Sleep

From OptimalScience

Summary and Support[edit]

  • A study that examines the impact of normal sleep on auditory declarative memory among adolescents demonstrates the following[1]:
    • An increase of 20.6% in declarative memory was observed among the subjects who procured sleep (as opposed to those who did not) prior to completing declarative and controlling memory tasks the following morning.
    • While the subjects’ declarative memory was enhanced, the control working memory did not show any significant improvement (compared to the working memory of those who did not procure sleep)
  • Additionally, another research conducted on sleep indicates the following[2]:
    • Each phase of sleep is characterized by certain cellular, anatomic and chemical events essential for proper neural functioning.
    • Various types of sleep deprivation (such as total sleep deprivation, sleep disruption and sleep restriction) may engender distinct obstacles to cognitive functioning.
    • The study of the effects of sleep deprivation on the brain suggests that two nights of total sleep can restore the behavioral deficits ensuing sleep deprivation.
    • However, at the same time, some findings from experiments on mice imply that chronic restriction or long-term sleep deprivation may give rise to neurodegenerative diseases such as dementia or Alzheimer’s.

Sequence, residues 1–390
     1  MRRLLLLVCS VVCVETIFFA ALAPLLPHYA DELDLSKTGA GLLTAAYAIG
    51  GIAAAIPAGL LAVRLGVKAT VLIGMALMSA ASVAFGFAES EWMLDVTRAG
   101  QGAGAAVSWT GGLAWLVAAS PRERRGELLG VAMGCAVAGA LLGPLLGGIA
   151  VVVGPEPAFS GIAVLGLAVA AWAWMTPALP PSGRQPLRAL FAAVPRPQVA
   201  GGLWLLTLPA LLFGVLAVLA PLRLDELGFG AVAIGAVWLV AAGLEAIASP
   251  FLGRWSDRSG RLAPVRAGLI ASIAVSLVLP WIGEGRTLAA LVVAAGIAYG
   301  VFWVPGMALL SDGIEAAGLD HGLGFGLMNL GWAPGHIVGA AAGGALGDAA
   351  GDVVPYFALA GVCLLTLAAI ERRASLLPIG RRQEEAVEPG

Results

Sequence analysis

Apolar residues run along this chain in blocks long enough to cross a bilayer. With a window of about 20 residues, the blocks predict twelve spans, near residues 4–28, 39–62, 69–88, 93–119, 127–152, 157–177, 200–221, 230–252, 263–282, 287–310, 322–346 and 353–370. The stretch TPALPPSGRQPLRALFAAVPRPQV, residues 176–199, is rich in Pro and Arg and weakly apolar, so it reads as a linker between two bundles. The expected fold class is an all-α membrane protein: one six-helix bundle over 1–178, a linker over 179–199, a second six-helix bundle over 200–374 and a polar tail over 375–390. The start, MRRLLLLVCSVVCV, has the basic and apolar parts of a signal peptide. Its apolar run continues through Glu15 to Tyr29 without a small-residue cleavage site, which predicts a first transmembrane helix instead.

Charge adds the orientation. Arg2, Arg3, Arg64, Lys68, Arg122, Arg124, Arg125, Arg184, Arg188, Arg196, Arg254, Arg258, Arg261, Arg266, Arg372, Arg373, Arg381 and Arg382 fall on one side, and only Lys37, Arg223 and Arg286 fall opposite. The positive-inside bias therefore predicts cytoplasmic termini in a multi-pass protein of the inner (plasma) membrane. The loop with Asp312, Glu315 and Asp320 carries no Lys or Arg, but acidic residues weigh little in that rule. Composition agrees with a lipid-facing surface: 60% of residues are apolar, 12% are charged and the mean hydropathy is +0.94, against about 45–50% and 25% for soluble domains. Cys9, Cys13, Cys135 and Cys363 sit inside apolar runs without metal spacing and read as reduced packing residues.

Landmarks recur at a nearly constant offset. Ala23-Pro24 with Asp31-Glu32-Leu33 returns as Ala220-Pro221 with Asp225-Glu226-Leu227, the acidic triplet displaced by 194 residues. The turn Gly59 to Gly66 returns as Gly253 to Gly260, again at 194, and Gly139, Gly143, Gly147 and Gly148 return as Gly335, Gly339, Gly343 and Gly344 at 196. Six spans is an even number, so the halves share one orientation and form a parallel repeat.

• A study on the energy levels of the brain during sleep indicates the following[3]:
    • In the wake-active brain regions of rats, the energy currency of brain cells or ATP levels, surge during the initial period of spontaneous sleep.
      • However, the phenomenon does not transpire in the rats’ sleep active brain regions.
    • Gently handling rats for three or six hours to prevent their sleep, prevents this ATP surge.
      • This suggests that the surge in the wake-active brain regions is not dependent on time of day.
    • In spontaneous sleep, EEG non-rapid eye movement delta activity was positively correlated with the ATP surge.
    • Infusing adenosine into the basal forebrain to induce sleep as well as delta activity within normally active dark periods also raises ATP.
    • The observations imply that reduced neuronal activity is accompanied by a rise in ATP.
    • Additionally, the P-AMPK reduction which coincides with the ATP surge during the sleep induced periods seems increase anabolic processes and reveal molecular occurrences (which induce biosynthetic processes which cause restoration) during sleep.

Contributors[edit]

Ayesh Perera

References[edit]